First to smoking. Researchers found that smoking cigarettes raises patient risks. A study examined whether current or prior tobacco use had an effect on post-operative recovery in people undergoing joint replacement.
It found that current smokers had 41% higher odds of site infections than those who had never smoked before. Current smokers also had significantly higher odds of pneumonia (53%), stroke (161%) and death within one year (63%), compared to “never-smokers”. As well, prior smokers were at higher odds of stroke (114%), pneumonia (34%), urinary tract infection (26%), and pulmonary complications (30%), compared with never-smokers.
This hails from data on 33,336 patients who had elective joint replacement procedures between 2001 and 2008. Patients were on average 64 years old, and 95% were male. Of them, 57% never smoked, 19% were prior smokers (who had quit at least a year before surgery), and 24% were current smokers.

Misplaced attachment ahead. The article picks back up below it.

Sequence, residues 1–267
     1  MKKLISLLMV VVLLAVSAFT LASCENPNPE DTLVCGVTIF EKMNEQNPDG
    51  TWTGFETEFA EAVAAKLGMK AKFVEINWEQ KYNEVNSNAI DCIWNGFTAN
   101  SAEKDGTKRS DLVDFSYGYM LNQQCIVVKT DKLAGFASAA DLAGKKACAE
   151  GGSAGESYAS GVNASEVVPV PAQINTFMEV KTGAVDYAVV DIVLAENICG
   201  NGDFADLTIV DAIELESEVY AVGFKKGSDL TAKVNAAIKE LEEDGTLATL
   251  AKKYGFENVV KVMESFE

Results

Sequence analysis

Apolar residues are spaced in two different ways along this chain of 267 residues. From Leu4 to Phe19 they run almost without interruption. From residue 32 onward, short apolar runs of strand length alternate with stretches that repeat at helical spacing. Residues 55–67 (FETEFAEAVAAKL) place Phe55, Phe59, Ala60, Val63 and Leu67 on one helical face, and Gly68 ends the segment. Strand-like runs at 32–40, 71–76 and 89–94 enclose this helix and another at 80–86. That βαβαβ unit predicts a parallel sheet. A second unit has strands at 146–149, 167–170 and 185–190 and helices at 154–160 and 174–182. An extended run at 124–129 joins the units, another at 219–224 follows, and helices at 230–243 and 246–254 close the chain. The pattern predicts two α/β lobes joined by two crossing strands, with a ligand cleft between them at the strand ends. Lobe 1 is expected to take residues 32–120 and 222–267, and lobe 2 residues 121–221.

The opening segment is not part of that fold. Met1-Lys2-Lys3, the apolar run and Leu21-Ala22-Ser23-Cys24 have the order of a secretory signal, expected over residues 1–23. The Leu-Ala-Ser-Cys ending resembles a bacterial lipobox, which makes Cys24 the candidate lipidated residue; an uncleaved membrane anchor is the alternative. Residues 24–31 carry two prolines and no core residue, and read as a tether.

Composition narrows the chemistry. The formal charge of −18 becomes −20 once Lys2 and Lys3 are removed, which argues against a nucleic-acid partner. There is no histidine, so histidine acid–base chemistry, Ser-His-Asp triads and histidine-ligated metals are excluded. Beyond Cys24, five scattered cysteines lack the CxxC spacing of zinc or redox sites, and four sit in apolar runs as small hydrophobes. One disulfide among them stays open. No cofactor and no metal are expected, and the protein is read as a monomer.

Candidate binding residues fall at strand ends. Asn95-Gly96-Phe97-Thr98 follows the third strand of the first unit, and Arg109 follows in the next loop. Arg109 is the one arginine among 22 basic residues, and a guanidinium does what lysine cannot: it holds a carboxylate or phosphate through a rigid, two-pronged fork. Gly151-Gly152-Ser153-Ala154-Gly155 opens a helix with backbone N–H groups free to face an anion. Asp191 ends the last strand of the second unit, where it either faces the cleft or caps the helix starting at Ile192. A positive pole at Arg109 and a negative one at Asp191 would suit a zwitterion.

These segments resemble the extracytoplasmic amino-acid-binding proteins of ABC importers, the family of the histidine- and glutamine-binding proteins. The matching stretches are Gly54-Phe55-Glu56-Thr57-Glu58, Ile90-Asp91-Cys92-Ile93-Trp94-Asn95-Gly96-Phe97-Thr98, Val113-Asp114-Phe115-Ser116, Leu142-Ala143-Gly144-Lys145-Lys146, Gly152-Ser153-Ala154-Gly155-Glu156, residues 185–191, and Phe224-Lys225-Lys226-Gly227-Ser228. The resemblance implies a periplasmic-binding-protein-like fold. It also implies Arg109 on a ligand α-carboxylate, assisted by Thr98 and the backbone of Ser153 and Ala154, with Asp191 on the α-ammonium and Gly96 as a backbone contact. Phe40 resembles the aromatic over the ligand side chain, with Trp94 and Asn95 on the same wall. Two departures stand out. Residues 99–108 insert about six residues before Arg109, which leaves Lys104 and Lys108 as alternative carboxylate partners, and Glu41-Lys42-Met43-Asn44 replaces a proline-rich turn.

The risk of complications in joint replacement patients who smoke is quite significant. The researchers believe that if someone is looking for a good reason to quit, this is it. If you are deciding to get a joint replacement and improve your life, quitting smoking is a very wise and clinically important first step.
Next to alcohol. In one study, researchers assessed post-surgical complication rates among 185 people who had consumed alcohol in the past year. They found that patients who reported the highest amount of alcohol consumption (considered “alcohol misuse”) were most likely to experience complications. Each extra point in the scale of alcohol use corresponded with a 29% increase in the expected number of complications.
Alcohol misuse can have major repercussions in those electing to have joint replacement surgery. Moderate alcohol use is considered one or fewer a day for women and two or fewer drinks per day for men. Misuse is considered drinking more than four times a week, having more than nine drinks in a typical day, or routinely having more than six drinks a day.
Protect yourself from serious complications by managing your lifestyle before considering such a major surgery.